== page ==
I tend not to look in mirrors these days, bad enough that I sometimes come upon an image advancing on me in a shop window, has me thinking who’s that old doll? Then I realise that it is me and I am appalled. I tend to forget how I have matured; my body never ceases to amaze me.
The latest vagary has involved my neck; I am pleased to say that I have recently lost weight and I note that my neck protrudes rather like a tortoise neck, scrawny. However, it has cleverly NOT lost the flabby undercarriage that has grown at the bottom of my face. So, I have jowls and scrag making a novel frame under my chin. I feel rather petty grieving over the state of my attributes – who cares? I do, clearly, and I am surprised. I have treated my body like an old sock without contemplating the idea that it would eventually assume all the appearance of an old sock, revenge?
I won’t attempt to describe my body in detail just believe me, losing weight is supposed to be a good move. Nobody tells you that the flesh does not retreat in line with the weight loss, it does not snap back and become svelte, it hangs in crinkles looking as if it is dying for a good iron. It is possible to squash and squeeze into a far smaller size which is encouraging and it is fortunate that nobody but myself and my remarkably tolerant love have to see this spectacle. She finds a great deal of humour in the sight of my shrinking body and can be heard hooting away but she says she preferred me fatter.
Yet the spirit remains as taut as ever the moods of exultancy and gloom continue, the thought processes seem intact though the memory becomes eclectic in what it calls to mind. I can forget a simple word & remember the words of an ancient song that I never liked much anyway. I do try to be philosophical and most of the time I manage it pretty well. I get tired but then I get up at dawn and have an afternoon nap. In fact I am very happy for most of the time so perhaps this is a sign of geriatric daftness. I think not.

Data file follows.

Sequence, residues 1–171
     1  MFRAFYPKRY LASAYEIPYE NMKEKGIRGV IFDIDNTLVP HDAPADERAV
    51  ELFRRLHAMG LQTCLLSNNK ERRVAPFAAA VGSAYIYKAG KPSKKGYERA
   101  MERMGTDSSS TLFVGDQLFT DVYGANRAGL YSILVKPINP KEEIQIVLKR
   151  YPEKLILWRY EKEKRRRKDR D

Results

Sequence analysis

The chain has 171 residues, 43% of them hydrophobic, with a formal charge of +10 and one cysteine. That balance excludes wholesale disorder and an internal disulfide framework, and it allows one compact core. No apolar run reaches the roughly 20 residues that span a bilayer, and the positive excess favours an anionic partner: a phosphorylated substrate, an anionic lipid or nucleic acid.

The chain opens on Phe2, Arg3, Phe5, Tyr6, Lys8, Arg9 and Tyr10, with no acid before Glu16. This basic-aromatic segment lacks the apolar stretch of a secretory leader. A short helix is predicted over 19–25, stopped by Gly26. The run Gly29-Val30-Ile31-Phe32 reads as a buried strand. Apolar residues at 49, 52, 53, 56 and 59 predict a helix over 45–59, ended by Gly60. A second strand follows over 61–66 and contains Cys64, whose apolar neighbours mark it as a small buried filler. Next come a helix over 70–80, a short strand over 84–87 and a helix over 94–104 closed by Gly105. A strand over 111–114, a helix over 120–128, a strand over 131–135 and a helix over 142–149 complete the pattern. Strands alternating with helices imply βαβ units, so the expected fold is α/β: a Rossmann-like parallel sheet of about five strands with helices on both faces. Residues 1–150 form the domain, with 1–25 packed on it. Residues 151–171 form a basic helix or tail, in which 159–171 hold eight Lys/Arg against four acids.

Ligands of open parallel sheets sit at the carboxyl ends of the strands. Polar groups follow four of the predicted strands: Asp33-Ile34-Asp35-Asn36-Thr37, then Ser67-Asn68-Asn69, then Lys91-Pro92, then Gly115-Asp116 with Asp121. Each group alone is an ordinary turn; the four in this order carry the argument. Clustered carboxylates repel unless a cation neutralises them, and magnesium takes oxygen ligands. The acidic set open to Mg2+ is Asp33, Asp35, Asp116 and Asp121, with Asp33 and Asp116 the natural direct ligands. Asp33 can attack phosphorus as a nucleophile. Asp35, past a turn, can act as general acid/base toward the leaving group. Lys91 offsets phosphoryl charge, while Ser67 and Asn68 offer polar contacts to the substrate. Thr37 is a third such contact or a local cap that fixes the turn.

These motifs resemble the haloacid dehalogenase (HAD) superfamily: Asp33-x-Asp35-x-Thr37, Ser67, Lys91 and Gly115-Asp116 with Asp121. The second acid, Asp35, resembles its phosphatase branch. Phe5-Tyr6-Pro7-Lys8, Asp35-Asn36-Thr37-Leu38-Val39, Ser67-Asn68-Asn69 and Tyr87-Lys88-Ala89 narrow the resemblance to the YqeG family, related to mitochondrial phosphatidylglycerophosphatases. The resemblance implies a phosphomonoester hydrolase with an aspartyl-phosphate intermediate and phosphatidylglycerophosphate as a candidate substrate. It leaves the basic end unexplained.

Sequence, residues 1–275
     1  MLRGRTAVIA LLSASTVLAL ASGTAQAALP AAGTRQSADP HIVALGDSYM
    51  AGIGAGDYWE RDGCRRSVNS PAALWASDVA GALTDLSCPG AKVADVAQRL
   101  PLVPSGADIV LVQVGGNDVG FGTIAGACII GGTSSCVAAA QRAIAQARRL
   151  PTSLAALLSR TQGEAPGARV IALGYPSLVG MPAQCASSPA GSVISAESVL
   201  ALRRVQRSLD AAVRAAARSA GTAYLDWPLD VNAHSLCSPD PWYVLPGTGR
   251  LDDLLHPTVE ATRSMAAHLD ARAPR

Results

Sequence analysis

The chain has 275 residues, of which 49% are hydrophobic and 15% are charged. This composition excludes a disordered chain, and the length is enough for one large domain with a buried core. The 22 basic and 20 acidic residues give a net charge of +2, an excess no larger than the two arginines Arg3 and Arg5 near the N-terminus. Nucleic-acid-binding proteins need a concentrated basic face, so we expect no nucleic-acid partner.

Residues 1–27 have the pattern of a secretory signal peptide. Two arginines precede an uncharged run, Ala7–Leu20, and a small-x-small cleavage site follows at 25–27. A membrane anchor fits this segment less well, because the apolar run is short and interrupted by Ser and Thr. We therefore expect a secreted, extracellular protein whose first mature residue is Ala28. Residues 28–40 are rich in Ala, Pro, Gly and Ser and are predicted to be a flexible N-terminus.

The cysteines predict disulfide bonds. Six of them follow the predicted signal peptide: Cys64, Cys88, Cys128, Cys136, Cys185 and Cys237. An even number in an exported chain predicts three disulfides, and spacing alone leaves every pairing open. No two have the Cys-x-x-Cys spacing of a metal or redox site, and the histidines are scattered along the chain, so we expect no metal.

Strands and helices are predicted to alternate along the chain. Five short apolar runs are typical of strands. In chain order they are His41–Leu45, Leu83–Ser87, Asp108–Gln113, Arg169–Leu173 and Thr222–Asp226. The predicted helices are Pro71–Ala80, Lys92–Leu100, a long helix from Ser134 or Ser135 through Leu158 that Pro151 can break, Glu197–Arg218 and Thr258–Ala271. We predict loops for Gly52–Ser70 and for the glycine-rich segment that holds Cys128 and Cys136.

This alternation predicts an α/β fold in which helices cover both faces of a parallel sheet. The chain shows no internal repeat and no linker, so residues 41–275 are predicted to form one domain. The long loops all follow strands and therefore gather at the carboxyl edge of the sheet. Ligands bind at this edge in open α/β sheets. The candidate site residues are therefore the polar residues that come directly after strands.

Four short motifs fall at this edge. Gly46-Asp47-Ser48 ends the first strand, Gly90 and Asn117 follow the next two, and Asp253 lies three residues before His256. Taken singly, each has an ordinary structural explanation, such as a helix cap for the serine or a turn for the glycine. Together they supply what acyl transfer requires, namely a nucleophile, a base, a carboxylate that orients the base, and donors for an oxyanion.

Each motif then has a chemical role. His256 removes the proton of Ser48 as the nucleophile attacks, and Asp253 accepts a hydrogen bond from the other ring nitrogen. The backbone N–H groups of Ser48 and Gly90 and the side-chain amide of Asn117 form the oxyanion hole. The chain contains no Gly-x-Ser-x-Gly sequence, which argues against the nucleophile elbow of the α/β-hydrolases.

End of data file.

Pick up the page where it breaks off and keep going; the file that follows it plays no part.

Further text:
Being old has given me an appreciation of the glories of nature which lay dormant for much of my youth when I lurched from the joy of drugs to the ecstasy of booze in a kind of blur. All self-inflicted suffering received resentfully and I hardly noticed sun or trees. I was extremely thin then and my bones jutted out uncomfortably into my lovers. So, better late than never? I think so, though this is not a homily by any means.
So, I am almost reconciled to the terrible state of my body, I can move around the world, get pleasure from the sight of the sunrise, I can look at the moon, enjoy music and books and I love writing so I shall conceal the body under nice gear and proceed albeit slowly – and who wants to rush anyway?
If only I could control the impulse to compare all the other old girls and judge. But we women are taught to compare at an early age and it is difficult to abandon the habits of a lifetime and while there are gorgeous creatures prancing around in their seventies or eighties it is a tad discouraging to truly accept and enjoy my poor old carcase. Yet I do. As a receptacle for my mind and for my true self – which I like to think of as my own immortality.